So when the new studio recording, 'Face Dances,' was released in 1981 it was amidst much strife. Roundly criticized by the media at the time, 'Face Dances' never stood a chance. But people fail to recognize the context this album was made in. It was not 1971 anymore. Things had changed. The album had more in common with Billy Joel's 'Glass Houses' than the fierce hard rock of the previous decade. The music ranged from heavy, 'The Quiet One' to almost AOR in 'Don't Let Go The Coat'. Other quirky numbers like 'Did You Steal My Money' proved The Who would not be restricted in their styles. It remains one of their best albums. The 1981 tour was a disaster, however -- tensions between Daltrey and Townshend hitting an all time low.
But Townshend kicked drugs and patched things up with Rog, enabling The Who to record a further album 'It's Hard' in 1982. This is perhaps the most despised Who album of all. Most complaints are with Townshend's lack of heavy guitar. But looking back he was going through the motions, saving his best material for his solo records. But once again 'It's Hard' is a classic in its own right. 'It's Your Turn', 'Cooks County', 'Dangerous' and 'Cry If You Want' standing out as memorable anthems. It is very much a personal statement from Townshend, especially the title track, which is self explanatory. It was a band relating to their age group. The kids they had been playing to 20 years earlier.
The following tour was the band's 'last.' They were doing the right thing. Watching and listening to the 1982 tour, The Who is spent of all their former energy, resulting in lackluster performances. The huge crowds they attracted were only there because it was The Who. They could have cared less about the music. Daltrey seemed resigned. His vocals were flat and uninspired, as was his choice of clothes and haircut. Townshend looked like some guy who used to be in my class called Holmes and churned out weak, stale guitar licks. The rhythm section of Jones and Entwistle plundered on regardless. The live album recorded from the tour, 'Who's Last' was the most embarrassing of their career. It hurt to hear what had happened to their live sound, 'Twist And Shout' makes me want to cry. They were just another band.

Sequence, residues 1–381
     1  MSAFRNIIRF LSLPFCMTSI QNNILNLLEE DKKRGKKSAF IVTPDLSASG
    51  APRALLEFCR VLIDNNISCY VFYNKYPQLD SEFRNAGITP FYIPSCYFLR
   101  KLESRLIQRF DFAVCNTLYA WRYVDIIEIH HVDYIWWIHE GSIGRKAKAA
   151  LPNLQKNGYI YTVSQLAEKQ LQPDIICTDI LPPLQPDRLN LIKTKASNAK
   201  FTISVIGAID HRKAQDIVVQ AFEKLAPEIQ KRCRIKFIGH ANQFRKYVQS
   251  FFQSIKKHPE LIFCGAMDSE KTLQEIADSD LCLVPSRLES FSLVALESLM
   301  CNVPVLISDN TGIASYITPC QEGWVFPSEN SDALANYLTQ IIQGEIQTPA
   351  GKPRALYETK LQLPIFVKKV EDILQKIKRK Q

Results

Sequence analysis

It would be foolish to blame Jones for any of The Who's misfortunes. He had joined a band already in disarray and was sucked into it. Daltrey later complained about Jones' effort. Maybe he was justified, maybe not. Why he allowed Jones to join in the first place is a mystery.
The Who simply got tired as they got older. Their former fire was lost as they progressed into their late thirties. The Who were never ones to fake it. If things were on the verge of collapse, then you knew it. It was all to do with their live act. There you could tell if things were good or bad. And near the end the results were all too obvious. I will never blame The Who for their decline. It happens to the best. What's amazing is that 20 years later they are still here and at their best live. They needed these events to bring them back. The years of 1979-82 are nothing to be ashamed of. They are proud years. The face of a real rock 'n' roll band.